In the KBL case, Mrs Justice Lang first of all reviewed the authorities on the duty of candour on defendants in judicial review proceedings, as well as the decision in Bredenkamp and in light of that held: “There is no separate procedure under the CPR for enforcing the duty of candour. Applications under Part 18 are one the ways in which a claimant may seek to give effect to the duty of candour owed by baa public authority, along with applications for specific disclosure of documents, where appropriate”. She then went on to review each of the questions that had been set out in the Part 18 application to determine whether the Home Office should provide the information requested.  Some questions were ruled out as being too broad or because they had been sufficiently addressed in the defendant’s evidence, but in relation to others she held that they should be answered, sometimes with a modification of the wording. In making this decision the judge explicitly held that, at least in one instance, there had been a failure to comply with the duty of candour.

In the JZ case Mrs Justice Hill adopted a similar approach, emphasising the importance of compliance with the duty of candour and the need to consider Part 18 applications in that context. She undertook a detailed review of the questions that had been included in the Part 18 application and held that some, but not all, should be answered.

One difference between KBL and JZ was timing. In KBL, the substantive hearing was adjourned so that the application under Part 18 could be determined. In JZ, and mainly because the application had been made late in the day, Part 18 application was decided at the end of the substantive hearing. The consequence of this was that once the questions had been answered, the parties were going to have to make further submissions on the impact of the answers to the questions on the issues in the claim and for there to be a further hearing before the judge.  In relation to this Mrs Justice Hill said: “Ultimately I consider that provision of this information is necessary in order to resolve the matter fairly and justly; that the Claimant’s conduct with respect to the application is likely to be relevant to the decision as to the costs of the application; and, that the case will need to be, and can be, robustly case managed once the questions are answered”.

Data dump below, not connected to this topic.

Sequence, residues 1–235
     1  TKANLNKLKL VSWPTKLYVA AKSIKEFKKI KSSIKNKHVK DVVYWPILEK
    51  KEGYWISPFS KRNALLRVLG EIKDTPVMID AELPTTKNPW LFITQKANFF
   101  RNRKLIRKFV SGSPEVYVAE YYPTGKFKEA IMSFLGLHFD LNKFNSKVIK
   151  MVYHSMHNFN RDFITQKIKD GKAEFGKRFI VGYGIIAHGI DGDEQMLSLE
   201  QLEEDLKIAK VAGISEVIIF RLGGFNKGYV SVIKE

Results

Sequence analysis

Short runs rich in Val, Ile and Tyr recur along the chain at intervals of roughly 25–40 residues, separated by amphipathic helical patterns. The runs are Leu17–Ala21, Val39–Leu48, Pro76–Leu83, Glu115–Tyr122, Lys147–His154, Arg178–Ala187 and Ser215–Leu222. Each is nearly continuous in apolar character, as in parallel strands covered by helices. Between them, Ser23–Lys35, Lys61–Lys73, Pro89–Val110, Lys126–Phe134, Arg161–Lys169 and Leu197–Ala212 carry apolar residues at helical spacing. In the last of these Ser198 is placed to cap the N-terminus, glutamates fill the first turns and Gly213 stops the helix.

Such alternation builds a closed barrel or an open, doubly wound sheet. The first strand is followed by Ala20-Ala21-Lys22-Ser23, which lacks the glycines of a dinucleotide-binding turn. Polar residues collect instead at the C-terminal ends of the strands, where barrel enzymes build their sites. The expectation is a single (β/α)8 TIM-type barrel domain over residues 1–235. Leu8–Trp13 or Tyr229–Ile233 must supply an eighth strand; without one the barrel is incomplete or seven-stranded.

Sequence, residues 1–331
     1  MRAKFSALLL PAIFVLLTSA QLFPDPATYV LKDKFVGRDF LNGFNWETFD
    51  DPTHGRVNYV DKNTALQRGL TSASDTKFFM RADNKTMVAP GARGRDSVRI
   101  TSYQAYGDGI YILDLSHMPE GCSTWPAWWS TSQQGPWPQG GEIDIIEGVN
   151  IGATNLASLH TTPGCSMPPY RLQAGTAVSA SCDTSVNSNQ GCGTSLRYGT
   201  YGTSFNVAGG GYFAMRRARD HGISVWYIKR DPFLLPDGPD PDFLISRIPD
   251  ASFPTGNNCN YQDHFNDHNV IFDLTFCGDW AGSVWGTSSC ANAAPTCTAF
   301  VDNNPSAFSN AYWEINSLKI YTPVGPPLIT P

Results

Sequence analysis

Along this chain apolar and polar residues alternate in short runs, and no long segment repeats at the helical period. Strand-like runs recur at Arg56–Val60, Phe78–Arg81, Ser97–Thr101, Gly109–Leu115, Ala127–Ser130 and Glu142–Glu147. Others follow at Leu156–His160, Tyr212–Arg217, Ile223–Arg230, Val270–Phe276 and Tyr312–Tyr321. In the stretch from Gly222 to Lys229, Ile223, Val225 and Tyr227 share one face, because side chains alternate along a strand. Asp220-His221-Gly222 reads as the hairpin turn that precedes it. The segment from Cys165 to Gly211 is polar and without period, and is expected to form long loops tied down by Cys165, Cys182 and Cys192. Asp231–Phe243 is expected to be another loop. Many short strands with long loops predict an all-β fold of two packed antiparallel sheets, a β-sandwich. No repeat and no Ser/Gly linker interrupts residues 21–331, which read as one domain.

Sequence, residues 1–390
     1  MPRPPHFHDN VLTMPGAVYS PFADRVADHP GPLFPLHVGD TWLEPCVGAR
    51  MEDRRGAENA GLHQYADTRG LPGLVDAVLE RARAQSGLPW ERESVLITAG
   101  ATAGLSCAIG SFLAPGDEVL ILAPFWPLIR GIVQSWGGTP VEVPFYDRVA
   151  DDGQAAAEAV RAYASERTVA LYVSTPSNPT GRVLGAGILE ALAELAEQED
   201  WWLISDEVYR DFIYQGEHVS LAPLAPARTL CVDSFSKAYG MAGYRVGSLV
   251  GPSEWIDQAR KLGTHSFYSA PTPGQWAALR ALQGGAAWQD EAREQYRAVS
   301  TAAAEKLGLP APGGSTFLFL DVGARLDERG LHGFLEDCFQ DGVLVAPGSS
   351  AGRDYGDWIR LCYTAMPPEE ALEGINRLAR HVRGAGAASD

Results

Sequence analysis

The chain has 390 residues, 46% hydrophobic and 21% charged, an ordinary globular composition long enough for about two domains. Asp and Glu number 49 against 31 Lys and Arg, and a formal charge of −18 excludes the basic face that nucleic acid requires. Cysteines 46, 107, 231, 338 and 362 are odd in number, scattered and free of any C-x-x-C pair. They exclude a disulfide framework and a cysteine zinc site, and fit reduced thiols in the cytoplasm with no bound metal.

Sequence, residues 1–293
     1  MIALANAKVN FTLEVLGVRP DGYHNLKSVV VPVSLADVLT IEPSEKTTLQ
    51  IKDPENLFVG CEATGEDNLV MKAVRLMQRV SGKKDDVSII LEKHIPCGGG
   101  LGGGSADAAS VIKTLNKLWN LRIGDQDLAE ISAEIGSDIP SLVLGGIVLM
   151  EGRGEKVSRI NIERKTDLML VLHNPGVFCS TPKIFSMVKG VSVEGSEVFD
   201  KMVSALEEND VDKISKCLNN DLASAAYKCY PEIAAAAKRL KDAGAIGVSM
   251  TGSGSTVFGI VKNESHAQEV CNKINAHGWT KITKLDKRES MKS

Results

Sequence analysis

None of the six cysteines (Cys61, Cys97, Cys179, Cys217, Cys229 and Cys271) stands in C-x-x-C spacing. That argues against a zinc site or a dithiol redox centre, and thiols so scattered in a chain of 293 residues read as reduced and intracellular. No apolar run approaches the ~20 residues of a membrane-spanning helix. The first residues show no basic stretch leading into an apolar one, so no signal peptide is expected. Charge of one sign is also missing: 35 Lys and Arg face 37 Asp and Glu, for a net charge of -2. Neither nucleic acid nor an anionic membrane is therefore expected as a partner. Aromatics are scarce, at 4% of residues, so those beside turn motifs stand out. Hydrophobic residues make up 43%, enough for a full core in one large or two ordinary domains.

Although it is possible that the decisions in KBL and JZ might indicate a slightly increased willingness on the part of the courts to make orders under CPR 18 in public law proceedings, applications under CPR 18 are still best viewed as being exceptional. What is clear is that when applications are made they will be subjected to very detailed scrutiny by a judge and that they can be a powerful tool for a claimant seeking to obtain information from a public body.

FURTHER INFORMATION

For further information on the issues raised in this blog, please contact Adam Chapman in our Public Law team.

 

ABOUT THE AUTHOR

Adam Chapman joined Kingsley Napley in January 2010 as a partner in the Public Law team. He has nearly 30 years experience as a public lawyer and previously spent most of his career in central government, working at the Treasury Solicitor’s Department and at the Attorney General’s Office.